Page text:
Ul-Haque was pursued because of his association with Lodhi. Was Lodhi a terrorist? It must remain highly doubtful that he was. The evidence against him was very flimsy. He was accused of wanting to bomb the Australian electricity grid. The evidence for that was his purchase of two schematic diagrams of the electricity grid.
Lodhi said he wanted them for office wall maps to promote his proposed new business venture — exporting electrical generators to his native Pakistan. The generalised diagrams would have been useless for finding locations for an attack.
Lodhi's possession of a Friends of the Earth poster of Australia with uranium mine sites and the Lucas Heights nuclear reactor marked on it was also alleged to indicate an intention by him to attack the reactor.
Lodhi had no equipment, no chemicals, no bombs and no plans for using bombs. It is difficult to understand how the evidence presented at Lodhi's trial can possibly be regarded as beyond a reasonable doubt. But the principle being applied now for anyone accused of being a terror suspect is the precautionary principle — if there is any suspicion at all, convict.
In an atmosphere of terrorism paranoia and "eagerness" to use the new laws to obtain convictions, Lodhi was sentenced to 20 years imprisonment. The conviction is possibly one of Australia's most serious injustices.
Lodhi himself was pursued because he associated with Willie Brigitte, a French convert to Islam, when he resided in Australia for five months in 2003. The accusations against Brigitte originated in France. But Alain Chouet, the former head of France's external security agency, told the February 5 Australian that the French charges against Brigitte were "weak" and that Brigitte is "a person without importance whom the Australian authorities are continuing to play on to create fear".
Brigitte has been accused of plotting (with Lodhi) to attack the Lucas Heights reactor and the Pine Gap satellite spy base. The "evidence" that Brigitte intended to attack Pine Gap is that he mentioned the base in conversations with his wife, a former Australian Army signaller in East Timor.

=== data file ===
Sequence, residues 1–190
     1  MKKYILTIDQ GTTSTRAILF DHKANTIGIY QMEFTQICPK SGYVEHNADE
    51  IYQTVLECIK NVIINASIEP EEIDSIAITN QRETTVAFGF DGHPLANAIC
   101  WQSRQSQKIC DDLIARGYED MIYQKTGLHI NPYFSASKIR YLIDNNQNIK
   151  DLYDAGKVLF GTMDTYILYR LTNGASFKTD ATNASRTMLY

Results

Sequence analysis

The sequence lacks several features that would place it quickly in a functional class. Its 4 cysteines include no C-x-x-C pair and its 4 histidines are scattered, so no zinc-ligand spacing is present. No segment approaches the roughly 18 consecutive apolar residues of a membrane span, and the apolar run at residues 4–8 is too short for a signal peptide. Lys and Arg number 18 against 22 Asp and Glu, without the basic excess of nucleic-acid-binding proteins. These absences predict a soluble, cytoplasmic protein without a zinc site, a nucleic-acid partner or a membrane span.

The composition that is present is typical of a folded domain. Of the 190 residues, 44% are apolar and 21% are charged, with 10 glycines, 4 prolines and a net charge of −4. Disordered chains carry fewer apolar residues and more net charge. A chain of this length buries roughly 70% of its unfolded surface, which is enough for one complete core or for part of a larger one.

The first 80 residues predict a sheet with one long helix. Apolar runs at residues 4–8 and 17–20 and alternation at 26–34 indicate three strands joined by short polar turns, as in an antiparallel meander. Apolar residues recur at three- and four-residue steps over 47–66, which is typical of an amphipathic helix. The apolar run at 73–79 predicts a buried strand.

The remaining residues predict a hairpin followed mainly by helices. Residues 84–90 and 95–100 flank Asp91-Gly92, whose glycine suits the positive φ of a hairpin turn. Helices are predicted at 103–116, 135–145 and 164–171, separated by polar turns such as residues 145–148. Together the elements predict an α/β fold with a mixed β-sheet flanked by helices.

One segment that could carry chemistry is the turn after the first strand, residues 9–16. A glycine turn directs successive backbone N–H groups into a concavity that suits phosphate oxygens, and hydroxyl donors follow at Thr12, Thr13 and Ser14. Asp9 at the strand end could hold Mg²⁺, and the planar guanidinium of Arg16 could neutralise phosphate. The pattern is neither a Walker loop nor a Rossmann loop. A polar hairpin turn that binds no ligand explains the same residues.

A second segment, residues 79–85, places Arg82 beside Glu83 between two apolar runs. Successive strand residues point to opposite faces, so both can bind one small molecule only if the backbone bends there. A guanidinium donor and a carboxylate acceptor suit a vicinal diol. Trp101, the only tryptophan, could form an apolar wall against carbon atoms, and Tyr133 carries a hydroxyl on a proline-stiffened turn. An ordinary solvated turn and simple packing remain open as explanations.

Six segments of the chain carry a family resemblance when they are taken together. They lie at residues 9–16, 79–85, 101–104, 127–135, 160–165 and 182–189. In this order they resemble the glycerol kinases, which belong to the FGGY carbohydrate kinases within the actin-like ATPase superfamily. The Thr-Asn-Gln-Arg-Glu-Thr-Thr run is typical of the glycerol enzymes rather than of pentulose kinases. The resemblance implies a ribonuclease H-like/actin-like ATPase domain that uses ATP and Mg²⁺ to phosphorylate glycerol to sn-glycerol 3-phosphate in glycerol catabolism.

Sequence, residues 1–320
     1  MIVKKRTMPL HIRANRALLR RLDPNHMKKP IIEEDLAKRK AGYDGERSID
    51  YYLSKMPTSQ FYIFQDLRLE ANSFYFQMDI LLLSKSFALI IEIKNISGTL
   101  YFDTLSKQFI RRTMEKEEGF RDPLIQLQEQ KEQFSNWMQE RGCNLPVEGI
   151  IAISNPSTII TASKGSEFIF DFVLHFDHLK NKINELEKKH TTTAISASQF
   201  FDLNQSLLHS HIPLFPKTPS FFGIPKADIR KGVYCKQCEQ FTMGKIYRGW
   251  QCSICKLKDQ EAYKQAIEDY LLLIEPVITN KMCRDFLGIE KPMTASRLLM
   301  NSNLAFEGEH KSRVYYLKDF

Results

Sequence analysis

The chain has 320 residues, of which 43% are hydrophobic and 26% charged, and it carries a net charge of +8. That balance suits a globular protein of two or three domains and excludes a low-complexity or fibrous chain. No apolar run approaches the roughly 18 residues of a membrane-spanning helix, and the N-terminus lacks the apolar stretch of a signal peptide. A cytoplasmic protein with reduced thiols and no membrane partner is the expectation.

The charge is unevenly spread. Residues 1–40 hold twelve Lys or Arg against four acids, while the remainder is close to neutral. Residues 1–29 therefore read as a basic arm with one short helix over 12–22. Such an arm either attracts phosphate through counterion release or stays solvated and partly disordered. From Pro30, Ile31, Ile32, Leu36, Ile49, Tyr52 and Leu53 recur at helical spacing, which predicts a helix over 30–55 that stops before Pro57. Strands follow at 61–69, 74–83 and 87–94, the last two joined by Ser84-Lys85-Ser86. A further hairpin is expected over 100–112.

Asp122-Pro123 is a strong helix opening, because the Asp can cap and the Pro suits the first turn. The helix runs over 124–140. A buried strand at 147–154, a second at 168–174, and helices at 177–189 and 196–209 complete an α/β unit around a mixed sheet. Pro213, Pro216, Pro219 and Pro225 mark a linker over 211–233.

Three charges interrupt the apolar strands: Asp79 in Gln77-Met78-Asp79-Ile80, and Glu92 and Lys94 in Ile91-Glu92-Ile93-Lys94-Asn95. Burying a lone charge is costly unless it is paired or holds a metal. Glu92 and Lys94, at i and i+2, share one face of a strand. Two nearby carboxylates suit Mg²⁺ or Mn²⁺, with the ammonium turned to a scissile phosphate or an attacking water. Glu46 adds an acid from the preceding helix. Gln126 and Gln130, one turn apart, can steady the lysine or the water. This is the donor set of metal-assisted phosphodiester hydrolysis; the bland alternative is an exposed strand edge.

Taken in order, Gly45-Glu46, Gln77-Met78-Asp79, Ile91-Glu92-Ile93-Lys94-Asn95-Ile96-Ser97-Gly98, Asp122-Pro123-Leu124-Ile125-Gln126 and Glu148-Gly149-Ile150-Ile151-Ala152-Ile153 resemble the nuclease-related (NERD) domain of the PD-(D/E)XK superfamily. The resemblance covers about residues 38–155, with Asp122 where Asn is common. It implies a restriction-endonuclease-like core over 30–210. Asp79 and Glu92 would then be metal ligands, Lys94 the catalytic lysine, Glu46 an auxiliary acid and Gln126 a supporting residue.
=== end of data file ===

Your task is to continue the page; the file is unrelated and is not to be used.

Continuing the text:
Brigitte was arrested in October 2003 on grounds of breaching the non-employment stipulations of his tourist visa, and deported back to France later that same month. He was then arrested under that country's draconian anti-terror laws.
For three-and-a-half years, Brigitte was held without trial. He was finally convicted earlier this year under France's catch-all charge of "criminal association in relation to a terrorism enterprise". He was not charged with having been involved with any terrorism plot while in Australia.
It has been reported that the French judges relied heavily on the Australian investigation of Brigitte in order to establish guilt. Yet at Lodhi's trial, Justice Anthony Whealy found that there was insufficient evidence to try Brigitte in Australia. Apparently the Australian evidence that was central to convicting Brigitte in France was too weak to have him convicted in Australia.
What is highly disturbing here is that Australian and French authorities seem to have come to an arrangement of mutual convenience. Canberra wanted a bogeyman in the "war on terror", and Paris wanted yet another anti-terrorism conviction. But where is the convincing evidence of an immanent or planned terrorism attack in Australia? Nowhere to be seen.
The collapse of the case against Ul-Haque and the AFP officer's admission that police had been instructed to make as many arrests as possible to test out the new anti-terror laws, point towards a disturbing scenario — that the anti-terror laws are being used to justify the laws themselves and to advance a political agenda, instead of defending us from any real terrorists.
The political agenda demands that a terrorist plot be found. That leads to expanded the powers of the security agencies, which in turn are used to frame innocent people as "terrorists". This is the real 'terrorism" threat that we face in Australia.
[Colin Mitchell is an activist in the Melbourne-based Civil Rights Defence.]